Even before Father Fernandez arrived at St. Clare’s, he had been accused of sexual misconduct. In 1983, San Antonio police charged him with exposing himself in public, though the charges were eventually dropped. And since Mr. Leal’s revelation, others who attended St. Clare’s have reported similar abuse. . .

As is usually the case in a criminal matter, the facts of what led to Mr. Leal facing execution next month are in dispute — all, that is, except that Adria Sauceda was raped and murdered. Mr. Leal maintains he did not rape the girl and witnesses testified at his trial that she had been gang raped at a party. Witnesses told the authorities that Mr. Leal arrived at the scene and, outraged at what had happened to her, took her away from the party. He admitted that he and Ms. Sauceda physically fought after they left, and that she could have died after he pushed her and she hit her head on a rock. The police found her body about 100 yards from the location of the party.

Hit her head on a rock  . . . as he was rescuing her!  Gee, this Leal guy sounds like he might be innocent, doesn’t he?  And this is SNAP, after all, and they stand beside victims who have had their sexual assaults pushed under rocks, as it were.

Let’s be very, very clear about what SNAP is doing.  They are attempting to deny that Adria Sauceda was raped — again — by Leal as he bludgeoned her to death.  They are using their credibility as a rape victims’ rights organization to say that Leal’s kidnapping and rape of Sauceda may not have occurred.

And this is a rape victims’ rights organization.  Jesus wept, though not just this one time: I’ve seen similar ugliness in other victims’ rights groups hijacked by advocates for offenders.

Regarding the rape, SNAP forgot something.  They forgot the stick.  After the child was taken from the party by Leal, she was raped with a stick.  A jagged stick with screws sticking out of it, to be precise, which, to be even more precise — let’s say discerning — was used on Adria Sauceda while she was still alive.  That’s rape, and SNAP, of all bloody organizations, should know that, rather than quibbling over the number of times a dead girl was violated.  What, are they the only victims who ever matter?  Where is their membership regarding this obscenity?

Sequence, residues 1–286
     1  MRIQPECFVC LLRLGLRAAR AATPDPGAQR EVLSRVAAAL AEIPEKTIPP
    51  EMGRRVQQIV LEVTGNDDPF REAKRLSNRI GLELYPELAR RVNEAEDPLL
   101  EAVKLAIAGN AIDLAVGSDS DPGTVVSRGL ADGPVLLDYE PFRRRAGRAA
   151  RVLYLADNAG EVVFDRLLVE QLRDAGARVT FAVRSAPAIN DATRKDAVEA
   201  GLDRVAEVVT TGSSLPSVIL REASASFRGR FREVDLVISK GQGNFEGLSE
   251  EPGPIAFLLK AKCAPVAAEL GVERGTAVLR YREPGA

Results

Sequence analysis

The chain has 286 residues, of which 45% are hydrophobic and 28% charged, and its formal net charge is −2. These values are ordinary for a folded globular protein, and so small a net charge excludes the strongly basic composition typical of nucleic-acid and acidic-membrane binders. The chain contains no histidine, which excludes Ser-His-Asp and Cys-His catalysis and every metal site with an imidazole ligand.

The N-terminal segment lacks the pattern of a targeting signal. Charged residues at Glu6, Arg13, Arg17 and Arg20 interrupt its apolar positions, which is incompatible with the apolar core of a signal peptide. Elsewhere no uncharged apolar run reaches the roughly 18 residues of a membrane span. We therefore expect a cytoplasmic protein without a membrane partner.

With this decision to publicly support Leal, and to support him in the way they have chosen, SNAP’s leadership has made itself vulnerable to a common accusation — that they are just left-wing activists using the molestation crisis to attack the growing sexual conservatism of the Catholic Church.  I discount these accusations when they come from people who are themselves busy downplaying the reach of the molestation issue (particularly the cover-ups).  The absurd John Jay “hippies made us do it” “study” is one example of cover-up that discredits its advocates, for example.

But with this swift move by SNAP, such exploitation of victims is full circle now.  As usual, the people left out in the cold are the ones unfortunate enough to have been raped or murdered by one politically protected group or another.

What we’re actually witnessing here is the mundane drumbeat of insinuation, as yet another victims-rights group centrifuges its values and joins its opponents in picking and choosing among victims to support.  In a broader sense, I blame this sort of ethical slippage on the many political satisfactions of “hate crimes” laws, which codify and reward the act of valuing some victims over others.  Once identity politics is larded into sentencing, and activism, it’s easy to throw less politically useful crime victims out with the trash.

Here is the real record of the evidence, from Pro-Death Penalty a serious website that deserves serious attention, especially from those who hold that the death penalty itself is universally insupportable on religious or ethical grounds.  It is especially important for these types of death penalty opponents (I count myself one) to witness the whole truth, to not push away facts, or fall for outrageous claims of innocence, or pose for color glossies with sick sadists, or violate one’s mission statement to defend certain victims by helping bury others.

I encourage you to read the entire story at Pro-Death Penalty, because it catalogs the disturbing censorship by virtually every news agency — and activists at SNAP, among others.  Pro-Death Penalty quotes Texas Attorney General Gregg Abbot.  This passage is long, and painful to read: please remember it as you see the whitewashing of this crime in every media source over the next week: